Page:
The 4 days of Holy Week that shape my life

Mar 23, 2016 by

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It’s Holy Week and, for the first time in my professional life, I’m not guiding a church through it. The freshness of simply being a sojourner is allowing me the opportunity to reflect on this sacred season in a new way. So here’s what I’m thinking about Holy Week this year and how I intend to allow Maundy Thursday, Good Friday, Holy Saturday and Easter Sunday to further shape my faith, posture and practice.

Maundy Thursday. It was the bizarre kind of calm.

It was one more shared table with a community of worshiping doubters. A familiar story set the soundtrack for the evening, yet there existed an unfamiliar dissonance. The foot-washing was awkward. Jesus’ words carried a new desperation. His teaching on the necessity of sacrificial love fell on the deaf ears of friends who were about to scatter, deny, and betray.

He shared with them the bread and wine anyway. Common elements were transformed into symbols of sacrifice and an extraordinary invitation.

This Thursday, as I taste the bread and wine, I will do so as a worshiping doubter. I will acknowledge that I am a wanderer who is beloved by God. As I share the bread and wine with family and friends, I will remind them that God loves them not because of who they are (or aren’t) but because he wants to. Together, we will acknowledge our tendency to scatter, deny and betray; confess it to one another and ask for the grace to live sacrificial love.

Good Friday. It was the scary kind of dark.

That God put on flesh and came into our neighborhood seems ridiculous. That he wore a cross on our behalf is incomprehensible. That he died not only for sinners but as a sinner is simply unbelievable. And that his death was necessary? Unthinkable!

Apparently, ours is a God whose love is ridiculous and incomprehensible and unbelievable and unthinkable. His is a cross-shaped love that jumps borders and defies logic. Ours is a God who embodied the posture of the cross because he couldn’t imagine living without us.

But he still died. That day ended in death. And hope died for a community of people who banked their future on his claims.

This Friday, I intend to embrace the dark and scary through the practice of lament.

  1. I will identify and lament the ways that I still abuse power at the expense of others.
  2. I will lament that I am more prone to talk about the cross than to embody its posture on behalf of the marginalized, exploited and misunderstood.
  3. I will lament how accumulation and preservation make my love far to reasonable.
  4. I will lament how these three realities perpetuate the pain of so many around the world.

Holy Saturday. It was the deafening kind of quiet.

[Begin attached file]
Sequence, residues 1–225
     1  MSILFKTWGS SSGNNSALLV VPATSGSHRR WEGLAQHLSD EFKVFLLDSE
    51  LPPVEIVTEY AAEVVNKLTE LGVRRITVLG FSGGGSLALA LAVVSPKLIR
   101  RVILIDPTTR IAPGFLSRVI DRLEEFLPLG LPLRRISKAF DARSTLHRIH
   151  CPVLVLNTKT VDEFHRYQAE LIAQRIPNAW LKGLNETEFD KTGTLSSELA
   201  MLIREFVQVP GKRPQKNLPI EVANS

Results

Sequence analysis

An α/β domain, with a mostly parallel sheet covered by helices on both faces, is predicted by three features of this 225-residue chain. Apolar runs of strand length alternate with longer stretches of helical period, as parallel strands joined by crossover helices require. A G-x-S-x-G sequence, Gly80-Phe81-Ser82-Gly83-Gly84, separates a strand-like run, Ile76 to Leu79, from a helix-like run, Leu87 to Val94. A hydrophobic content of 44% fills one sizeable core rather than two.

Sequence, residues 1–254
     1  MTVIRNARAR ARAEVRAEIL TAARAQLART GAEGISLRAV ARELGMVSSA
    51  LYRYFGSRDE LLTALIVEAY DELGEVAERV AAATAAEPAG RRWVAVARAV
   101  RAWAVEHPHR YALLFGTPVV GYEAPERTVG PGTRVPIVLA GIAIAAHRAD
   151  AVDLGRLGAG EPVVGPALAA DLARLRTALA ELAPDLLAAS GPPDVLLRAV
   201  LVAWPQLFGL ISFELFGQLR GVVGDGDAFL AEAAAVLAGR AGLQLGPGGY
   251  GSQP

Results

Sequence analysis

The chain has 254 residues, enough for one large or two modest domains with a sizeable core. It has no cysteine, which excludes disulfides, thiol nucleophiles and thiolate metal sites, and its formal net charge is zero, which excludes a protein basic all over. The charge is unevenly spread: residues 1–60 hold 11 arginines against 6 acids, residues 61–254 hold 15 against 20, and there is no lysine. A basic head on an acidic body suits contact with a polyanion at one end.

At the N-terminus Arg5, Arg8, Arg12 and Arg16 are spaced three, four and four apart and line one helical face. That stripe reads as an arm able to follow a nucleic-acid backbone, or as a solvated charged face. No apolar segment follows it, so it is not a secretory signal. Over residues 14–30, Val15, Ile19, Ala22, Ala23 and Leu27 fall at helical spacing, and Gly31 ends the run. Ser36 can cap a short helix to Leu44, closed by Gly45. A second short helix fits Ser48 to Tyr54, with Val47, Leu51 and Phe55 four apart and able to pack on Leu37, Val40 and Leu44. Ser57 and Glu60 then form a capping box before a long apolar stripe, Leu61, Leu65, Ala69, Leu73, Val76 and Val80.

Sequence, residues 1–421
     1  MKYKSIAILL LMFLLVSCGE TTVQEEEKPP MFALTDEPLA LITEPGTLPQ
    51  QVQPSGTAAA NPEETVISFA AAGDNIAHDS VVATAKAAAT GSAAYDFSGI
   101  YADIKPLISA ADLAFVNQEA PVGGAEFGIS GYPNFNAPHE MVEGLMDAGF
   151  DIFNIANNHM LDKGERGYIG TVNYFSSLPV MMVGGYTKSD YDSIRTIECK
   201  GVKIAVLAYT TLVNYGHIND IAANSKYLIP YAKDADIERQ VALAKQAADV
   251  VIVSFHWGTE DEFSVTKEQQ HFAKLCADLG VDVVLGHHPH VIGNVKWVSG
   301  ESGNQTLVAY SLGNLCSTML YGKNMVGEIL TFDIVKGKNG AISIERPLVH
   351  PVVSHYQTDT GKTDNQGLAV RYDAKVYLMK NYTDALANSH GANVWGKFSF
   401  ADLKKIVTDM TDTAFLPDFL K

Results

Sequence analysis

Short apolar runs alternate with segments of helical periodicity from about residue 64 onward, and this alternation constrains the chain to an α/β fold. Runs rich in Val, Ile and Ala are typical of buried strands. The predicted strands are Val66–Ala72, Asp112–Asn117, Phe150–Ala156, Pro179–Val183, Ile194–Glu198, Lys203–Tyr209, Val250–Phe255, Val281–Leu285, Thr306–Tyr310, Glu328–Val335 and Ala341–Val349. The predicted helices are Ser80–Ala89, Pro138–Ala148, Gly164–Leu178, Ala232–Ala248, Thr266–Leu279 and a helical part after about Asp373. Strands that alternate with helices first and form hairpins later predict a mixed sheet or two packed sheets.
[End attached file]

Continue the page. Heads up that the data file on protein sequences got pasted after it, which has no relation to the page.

Looking back on that fateful weekend, we see how, in the muck and the gore and on top of a Middle Eastern rock, God did his best work. So good was it that God exclaimed its completeness in the hoarse whisper of Jesus: “It is finished.”

When it was over, they rushed to get the body down and secured in a tomb. The Sabbath was upon them. It was time to rest.

As they entered into a Sabbath saturated in disappointment, far from their consciousness was that original Sabbath… the one in the garden. If you remember, God had previously done his best work there. He had spoken existence into being, a speech that crescendo’d all the way to humanity. God saw that it was good. It was complete. He was done. And then he rested and invited humanity to do the same. That is, God invited us to take a leisurely step back and savor the beauty and completeness of his work.

For Jesus’ community, Sabbath had dawned again. Only this one followed a new pinnacle of God’s work: His death. Like in the garden, God’s work was complete. It was good. He was done.

This Saturday I intend to take a leisurely step back to savor the beauty and completeness of God’s work. I intend to rest and reflect on the ways in which his redemptive love reaches me and my family and continues to transform us. I will ask God to help me imagine what it means to expand his redemptive wingspan in our neighborhood, city and throughout the world.

Easter Sunday. It was the wide-eyed kind of pulse-quickening reality.

God got back up. That means that what happened on the cross mattered. Life was restored. Hope was restored. Sight was restored. Relationship was restored. Flourishing was possible.

God got back up! And if God can get back up from death, then what can’t he do?

This Sunday, I will celebrate the hopes, dreams and relationships in my life that have been restored. I will identify the areas of my life, city and world where restoration is still necessary and I will ask God for the grace to live in a Friday posture with a Saturday certainty.

Jer Swigart is a faith leader, a social innovator and the co-founding director of a peacemaking training organization called The Global Immersion Project. He and his family live in Bend, Ore. He blogs at, where this post first appeared.

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